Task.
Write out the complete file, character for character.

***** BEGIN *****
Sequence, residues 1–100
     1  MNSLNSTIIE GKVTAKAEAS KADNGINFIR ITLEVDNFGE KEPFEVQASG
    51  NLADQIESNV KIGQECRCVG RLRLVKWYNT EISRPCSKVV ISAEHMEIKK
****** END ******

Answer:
Sequence, residues 1–100
     1  MNSLNSTIIE GKVTAKAEAS KADNGINFIR ITLEVDNFGE KEPFEVQASG
    51  NLADQIESNV KIGQECRCVG RLRLVKWYNT EISRPCSKVV ISAEHMEIKK